Regína sacratíssimi Rosárii, ora pro nobis!


Ave Maria!
Second Sunday of Advent—4 December AD 2016

Saint John the Baptist (Titian)

Immaculate Conception--Holy Day of Obligation
This Thursday, December 8th, 2016


Ordinary of the Mass
Mass Text - Latin
Mass Text - English
Advent, and the Blessing of the Advent Wreath

Archbishop Humphreys' Advent 2016 Pastoral Letter

“What did you go out to the desert to see?”[1]

    If you ask people to name the virtues, there are some pretty common answers that you get.  Probably the three that come to mind most easily are faith, hope, and charity.  They just hang together, sort of poetically.  If pressed, most people will come up with a few more, such as chastity, or justice, or honesty, or prudence.

    But there is another very important virtue that should come to mind, particularly during this Advent season, and that is the virtue of fortitude.  I say that it is particularly associated with Advent for two reasons:  First of all because fortitude is the virtue that was required by the Jews to endure the thousands of years of waiting for the promised Redeemer—and those four thousand years or so are represented by the four weeks of Advent.  But secondly, and more to the point, during Advent we read a fair amount about Saint John the Baptist, who is an excellent role model to imitate in practicing the virtue of fortitude.

    Actually, there are two kinds of fortitude.  One prepares us to do battle with evil whenever that is appropriate.  The other enables us to endure evil and put up with it whenever that is the more appropriate course of action.  Both forms of this virtue act to give us self-control.  Like most of the virtues, it helps us to follow a “middle course,” avoiding excessive behavior or extremism.[2]   Specifically, fortitude helps us to avoid the extremes of boldness on the one hand, or cowardice on the other.  It should be obvious that we can't go through life boldly jumping on everything and everyone who offends us even slightly.  But, likewise, it is equally obvious that we cannot be cowardly; refusing to stand up for our basic rights, for the rights of others, and for the things we believe in.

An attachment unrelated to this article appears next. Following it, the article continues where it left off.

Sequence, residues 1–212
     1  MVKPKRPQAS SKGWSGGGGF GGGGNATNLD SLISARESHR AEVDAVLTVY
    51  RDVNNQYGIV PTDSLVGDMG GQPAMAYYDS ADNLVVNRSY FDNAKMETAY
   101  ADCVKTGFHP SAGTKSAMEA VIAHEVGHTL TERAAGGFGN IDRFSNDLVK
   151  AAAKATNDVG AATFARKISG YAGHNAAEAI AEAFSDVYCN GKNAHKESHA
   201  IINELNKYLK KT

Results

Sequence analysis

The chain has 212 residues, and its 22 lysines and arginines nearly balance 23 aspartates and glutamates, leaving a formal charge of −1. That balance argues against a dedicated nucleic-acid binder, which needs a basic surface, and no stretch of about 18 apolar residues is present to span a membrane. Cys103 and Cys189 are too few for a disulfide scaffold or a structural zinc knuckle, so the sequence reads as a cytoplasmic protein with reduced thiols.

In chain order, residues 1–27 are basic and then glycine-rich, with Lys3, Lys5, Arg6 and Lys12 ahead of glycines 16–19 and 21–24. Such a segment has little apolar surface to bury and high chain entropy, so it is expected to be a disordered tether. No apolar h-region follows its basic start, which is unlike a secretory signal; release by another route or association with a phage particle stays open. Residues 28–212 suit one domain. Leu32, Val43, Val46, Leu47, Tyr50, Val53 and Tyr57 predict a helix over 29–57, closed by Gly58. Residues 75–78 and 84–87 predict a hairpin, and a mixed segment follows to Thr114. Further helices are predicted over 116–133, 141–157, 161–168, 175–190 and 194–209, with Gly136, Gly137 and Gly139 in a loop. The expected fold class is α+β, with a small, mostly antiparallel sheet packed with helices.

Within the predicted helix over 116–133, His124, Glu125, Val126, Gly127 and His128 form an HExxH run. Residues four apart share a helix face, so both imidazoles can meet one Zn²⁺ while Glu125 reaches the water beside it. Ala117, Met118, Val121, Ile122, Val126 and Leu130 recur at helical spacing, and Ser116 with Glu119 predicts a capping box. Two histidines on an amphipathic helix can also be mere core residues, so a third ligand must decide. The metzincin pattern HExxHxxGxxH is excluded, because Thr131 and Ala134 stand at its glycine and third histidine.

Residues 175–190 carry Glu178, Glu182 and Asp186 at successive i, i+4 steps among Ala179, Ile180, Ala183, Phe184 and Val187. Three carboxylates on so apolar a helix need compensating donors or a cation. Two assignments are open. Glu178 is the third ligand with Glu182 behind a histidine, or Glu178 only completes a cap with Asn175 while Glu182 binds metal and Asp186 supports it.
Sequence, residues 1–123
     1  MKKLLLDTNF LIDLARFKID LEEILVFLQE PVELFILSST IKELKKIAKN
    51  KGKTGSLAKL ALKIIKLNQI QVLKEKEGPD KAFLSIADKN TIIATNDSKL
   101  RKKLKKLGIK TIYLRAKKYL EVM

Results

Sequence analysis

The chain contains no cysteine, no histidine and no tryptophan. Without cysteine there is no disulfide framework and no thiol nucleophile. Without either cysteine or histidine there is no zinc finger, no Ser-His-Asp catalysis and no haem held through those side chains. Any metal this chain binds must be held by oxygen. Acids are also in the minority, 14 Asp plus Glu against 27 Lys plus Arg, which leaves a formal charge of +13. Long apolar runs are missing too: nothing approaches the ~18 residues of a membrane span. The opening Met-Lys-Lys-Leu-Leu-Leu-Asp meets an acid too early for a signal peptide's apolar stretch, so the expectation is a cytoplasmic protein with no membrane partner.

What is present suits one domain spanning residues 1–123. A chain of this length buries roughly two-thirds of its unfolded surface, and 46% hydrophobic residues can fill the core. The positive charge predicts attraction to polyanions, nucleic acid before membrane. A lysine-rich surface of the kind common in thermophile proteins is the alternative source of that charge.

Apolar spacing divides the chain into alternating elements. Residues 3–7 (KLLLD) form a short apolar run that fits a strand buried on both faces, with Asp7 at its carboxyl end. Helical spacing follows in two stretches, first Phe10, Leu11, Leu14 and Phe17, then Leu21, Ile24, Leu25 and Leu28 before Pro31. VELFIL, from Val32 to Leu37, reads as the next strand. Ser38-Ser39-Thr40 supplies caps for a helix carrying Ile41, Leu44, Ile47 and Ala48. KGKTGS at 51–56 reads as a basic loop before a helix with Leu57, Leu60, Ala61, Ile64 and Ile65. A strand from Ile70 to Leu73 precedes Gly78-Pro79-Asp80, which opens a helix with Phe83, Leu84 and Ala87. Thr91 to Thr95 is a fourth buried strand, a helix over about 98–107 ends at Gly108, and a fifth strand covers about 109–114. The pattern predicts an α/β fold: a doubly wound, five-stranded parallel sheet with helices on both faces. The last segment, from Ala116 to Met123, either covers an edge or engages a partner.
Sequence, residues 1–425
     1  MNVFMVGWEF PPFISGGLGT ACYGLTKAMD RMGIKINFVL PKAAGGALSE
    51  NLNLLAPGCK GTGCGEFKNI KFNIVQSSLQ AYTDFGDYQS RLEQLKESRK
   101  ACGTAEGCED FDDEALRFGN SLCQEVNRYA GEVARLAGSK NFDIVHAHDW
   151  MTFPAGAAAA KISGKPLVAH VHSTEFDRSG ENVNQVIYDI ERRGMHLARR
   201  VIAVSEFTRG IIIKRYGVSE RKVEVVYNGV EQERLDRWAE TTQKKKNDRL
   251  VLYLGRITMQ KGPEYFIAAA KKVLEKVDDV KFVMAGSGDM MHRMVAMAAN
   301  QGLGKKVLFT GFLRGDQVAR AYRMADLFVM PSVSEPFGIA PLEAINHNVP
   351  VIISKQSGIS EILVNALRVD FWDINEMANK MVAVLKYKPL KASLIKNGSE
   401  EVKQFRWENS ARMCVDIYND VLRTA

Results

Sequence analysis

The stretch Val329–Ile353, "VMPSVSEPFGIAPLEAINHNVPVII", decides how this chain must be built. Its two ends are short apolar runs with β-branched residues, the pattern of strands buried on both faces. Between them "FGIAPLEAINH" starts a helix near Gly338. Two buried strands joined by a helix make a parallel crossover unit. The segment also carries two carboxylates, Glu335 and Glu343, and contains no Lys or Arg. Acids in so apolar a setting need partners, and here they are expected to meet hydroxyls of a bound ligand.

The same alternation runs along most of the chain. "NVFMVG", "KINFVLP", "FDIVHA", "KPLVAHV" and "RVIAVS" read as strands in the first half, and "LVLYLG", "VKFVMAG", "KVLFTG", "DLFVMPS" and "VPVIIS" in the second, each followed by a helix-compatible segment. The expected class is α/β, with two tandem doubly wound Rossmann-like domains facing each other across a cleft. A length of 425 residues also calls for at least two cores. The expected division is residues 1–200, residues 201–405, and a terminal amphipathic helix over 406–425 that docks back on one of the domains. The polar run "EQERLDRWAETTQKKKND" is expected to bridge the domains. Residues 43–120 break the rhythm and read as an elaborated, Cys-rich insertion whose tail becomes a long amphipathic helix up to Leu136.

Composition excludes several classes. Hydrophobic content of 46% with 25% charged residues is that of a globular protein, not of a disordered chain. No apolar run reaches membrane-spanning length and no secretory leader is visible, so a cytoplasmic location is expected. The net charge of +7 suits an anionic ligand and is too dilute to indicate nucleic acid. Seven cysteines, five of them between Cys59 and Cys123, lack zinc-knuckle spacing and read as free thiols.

Fortitude helps us to control passions like anger and lust;  to put up with the difficulties of the world like hunger and toil; and it helps us to keep going even in the face of great personal loss, the death of a loved one or a natural disaster for example.  It helps us to hold on to our Faith and Christian principles, even though everyone around us has abandoned them and is urging us to give them up too.

    In a sense, fortitude is a virtue that underlies all of the other virtues.  It is easy to see that without fortitude it might be relatively easy for us to lose our Faith, or to abandon Hope, or to be unable to persevere in the love of God or neighbor.  Without fortitude we wouldn't continue very long in virtues like honesty of chastity.  Stated simply, we can think of fortitude as that thing that keeps the world from "wearing us down," and depriving us of our spirit and spirituality.

    Like most of the virtues, we can develop fortitude by understanding it, and especially by practicing it:

    1)  To have fortitude, we need to nourish our love of God.  If we spend a lot of our time considering the goodness of God and the joys of the kingdom of heaven, we are much less likely to allow ourselves to stray from the path that leads to God.  If we ignore God, we will have no motivation to stay on that path    we might not even think to try.

    2)  We are also wise to give some thought to the future; to anticipate the evils that may come upon us, both physical and spiritual, so that they don't take us by surprise and unprepared.  “To be forewarned is to be forearmed.”

    3)  To develop fortitude, we ought not to give ourselves over to “rehashing” our problems and grumbling about our afflictions.  It is too easy to talk ourselves into believing that they are a greater burden than we can bear.  We ought to reflect, rather, on how past troubles have gone away; and how we can unite our sufferings with those of our Lord on the Cross, making them meritorious instead of frustrating.

    4)  Finally, we can imitate the fortitude demonstrated by our Lord and His saints.  That's why I mention John the Baptist during this Advent season.  It helps to keep saints like him in mind;  living on honey and wild locusts in the desert[3];  preaching to people who would never completely understand his message;  ultimately dying just for insisting on the truth that Herod’s adulterous marriage broke the moral law.[4]

    We live in a deeply secularized world.  One that would like to bring us down to its level;  that will try to wear us down and destroy our faith and break our spirit, and ultimately steal our soul.  All the more reason to work hard to build fortitude.

    All the more reason to agree with our Lord that we did not come out to see a man clothed in sort garments;  that we did no come out to hear one who lives in the houses of kings.  But rather that we came out to see the prophet;  to meet the prophet of fortitude;  who prepared the way of the Lord and who leads us down that middle way—the only way—that leads to the kingdom of heaven.



[1]   Gospel: Matthew  xi:210

[2]   Cf. Saint Thomas Aquinas, Summa Theologica I-II Q64. A.1

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